- Acid-fast stain of the urine
- Anti-GBM (glomerular base membrane) antibodies
- Renal angiogram
- Renal ultrasound E. Urine electrolytes
Q7. A 57-year-old man is admitted to the hospital for dehydration and confusion. In the emergency department he complained of excessive thirst and he was found to have a serum sodium of 162 meq/L and a newly elevated creatinine of 2.2 mg/dL. After receiving IV fluid, his sensorium clears and the patient relays to you that he drinks large amounts of fluid each day and makes about 2 L of urine each day. He has noticed that his urine output has no relation to the amount of fluid he drinks. His sodium remains elevated at 150 meq/L, and his urine osmolality returns at 80 mosmol/kg. After careful water restriction, you administer 10 µg of desmopressin intranasally and remeasure his urine osmolality. The osmolality is now 94 mosmol/kg. What is the most likely cause of his hypernatremia?
- Chronic hyperventilation
- Diabetes insipidus
- Excessive solute intake
- Gastrointestinal losses
- Surreptitious use of diuretics
Q8. A patient with a history of Sjögren’s syndrome has the following laboratory findings: plasma sodium 139 meq/L, chloride 112 meq/L, bicarbonate 15 meq/L, and potassium 3.0 meq/L; urine studies show a pH of 6.0, sodium of 15 meq/L, potassium of 10 meq/L, and chloride of 12 meq/L. The most likely diagnosis is
- type I renal tubular acidosis (RTA)
- type II RTA
- type III RTA
- type IV RTA
- chronic diarrhea
Q9. A 16-year-old woman had visited your clinic 1 month ago with jaundice, vomiting, malaise, and anorexia. Two other family members were ill with similar symptoms. Based on viral serologies, including a positive anti-hepatitis A virus (HAV) IgM, a diagnosis of hepatitis A was made. The patient was treated conservatively, and 1 week after first presenting, she appeared to have made a full recovery. She returns to your clinic today complaining of the same symptoms she had 1 month ago. She is jaundiced, and an initial panel of laboratory tests returns elevated transaminases. Which of the following offers the best explanation of what has occurred in this patient?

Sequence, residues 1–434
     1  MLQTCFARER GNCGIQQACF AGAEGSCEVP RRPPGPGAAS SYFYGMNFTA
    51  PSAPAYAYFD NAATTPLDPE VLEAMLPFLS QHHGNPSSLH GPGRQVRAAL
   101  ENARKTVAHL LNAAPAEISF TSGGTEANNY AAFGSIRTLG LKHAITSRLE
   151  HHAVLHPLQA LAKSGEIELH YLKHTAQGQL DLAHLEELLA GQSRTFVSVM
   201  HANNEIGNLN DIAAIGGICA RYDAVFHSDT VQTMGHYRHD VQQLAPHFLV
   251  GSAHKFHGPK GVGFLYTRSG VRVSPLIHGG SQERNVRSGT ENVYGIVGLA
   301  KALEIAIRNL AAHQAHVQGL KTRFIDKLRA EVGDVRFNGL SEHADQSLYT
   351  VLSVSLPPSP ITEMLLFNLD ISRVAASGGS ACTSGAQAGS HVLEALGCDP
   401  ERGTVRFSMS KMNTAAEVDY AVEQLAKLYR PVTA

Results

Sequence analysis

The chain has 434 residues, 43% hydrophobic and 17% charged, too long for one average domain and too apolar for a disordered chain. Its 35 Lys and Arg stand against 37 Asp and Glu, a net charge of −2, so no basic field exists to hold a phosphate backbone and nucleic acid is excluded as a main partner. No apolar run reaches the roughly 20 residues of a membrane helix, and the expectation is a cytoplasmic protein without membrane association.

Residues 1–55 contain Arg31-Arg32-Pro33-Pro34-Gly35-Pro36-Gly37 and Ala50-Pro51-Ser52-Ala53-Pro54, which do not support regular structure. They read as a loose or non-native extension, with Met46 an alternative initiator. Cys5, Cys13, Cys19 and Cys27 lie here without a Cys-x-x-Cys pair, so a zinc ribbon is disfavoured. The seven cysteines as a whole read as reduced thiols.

- Co-infection with hepatitis C
- Hepatitis A recurrence
- Inappropriate treatment of initial infection
- Incorrect initial diagnosis; this patient likely has hepatitis B
- Relapsing hepatitis
Q10. A 34-year-old male reports “yellow eyes” for the last 2 days during a routine employment examination. He states that since his early twenties he has had similar episodes of yellow eyes lasting 2 to 4 days. He denies nausea, abdominal pain, dark urine, light-colored stools, pruritus, or weight loss. He has not sought prior medical attention because of finances, lack of symptoms, and the predictable resolution of the yellow eyes. He takes a multivitamin and some herbal medications. On examination he is mildly obese. He is icteric. There are no stigmata of chronic liver disease. The patient’s abdomen is soft and nontender, and there is no organomegaly. Laboratory examinations are normal except for a total bilirubin of 3 mg/dL. Direct bilirubin is 0.2 mg/dL. AST, ALT, and alkaline phosphatase are normal. Hematocrit, lactate dehydrogenase (LDH), and haptoglobin are normal. Which of the following is the most likely diagnosis?
- Crigler-Najjar syndrome type 1
- Dubin-Johnson syndrome
- Gilbert’s syndrome
- Medication-induced hemolysis